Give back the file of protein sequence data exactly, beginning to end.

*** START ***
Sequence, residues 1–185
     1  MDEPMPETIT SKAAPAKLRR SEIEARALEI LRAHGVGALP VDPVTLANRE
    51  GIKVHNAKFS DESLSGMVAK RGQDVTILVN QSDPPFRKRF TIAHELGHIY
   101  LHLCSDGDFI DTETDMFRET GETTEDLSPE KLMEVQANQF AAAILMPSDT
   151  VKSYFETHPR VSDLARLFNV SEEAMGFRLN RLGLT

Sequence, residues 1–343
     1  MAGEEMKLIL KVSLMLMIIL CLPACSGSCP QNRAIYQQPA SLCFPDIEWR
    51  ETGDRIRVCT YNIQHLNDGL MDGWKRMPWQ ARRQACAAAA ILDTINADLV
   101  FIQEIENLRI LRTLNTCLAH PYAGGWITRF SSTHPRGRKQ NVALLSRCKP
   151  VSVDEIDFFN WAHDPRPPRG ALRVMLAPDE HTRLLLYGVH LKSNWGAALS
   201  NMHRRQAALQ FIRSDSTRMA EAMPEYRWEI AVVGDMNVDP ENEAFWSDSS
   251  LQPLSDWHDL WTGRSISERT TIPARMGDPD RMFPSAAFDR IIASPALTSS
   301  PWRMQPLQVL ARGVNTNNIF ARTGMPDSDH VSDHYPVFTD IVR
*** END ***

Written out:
Sequence, residues 1–185
     1  MDEPMPETIT SKAAPAKLRR SEIEARALEI LRAHGVGALP VDPVTLANRE
    51  GIKVHNAKFS DESLSGMVAK RGQDVTILVN QSDPPFRKRF TIAHELGHIY
   101  LHLCSDGDFI DTETDMFRET GETTEDLSPE KLMEVQANQF AAAILMPSDT
   151  VKSYFETHPR VSDLARLFNV SEEAMGFRLN RLGLT

Sequence, residues 1–343
     1  MAGEEMKLIL KVSLMLMIIL CLPACSGSCP QNRAIYQQPA SLCFPDIEWR
    51  ETGDRIRVCT YNIQHLNDGL MDGWKRMPWQ ARRQACAAAA ILDTINADLV
   101  FIQEIENLRI LRTLNTCLAH PYAGGWITRF SSTHPRGRKQ NVALLSRCKP
   151  VSVDEIDFFN WAHDPRPPRG ALRVMLAPDE HTRLLLYGVH LKSNWGAALS
   201  NMHRRQAALQ FIRSDSTRMA EAMPEYRWEI AVVGDMNVDP ENEAFWSDSS
   251  LQPLSDWHDL WTGRSISERT TIPARMGDPD RMFPSAAFDR IIASPALTSS
   301  PWRMQPLQVL ARGVNTNNIF ARTGMPDSDH VSDHYPVFTD IVR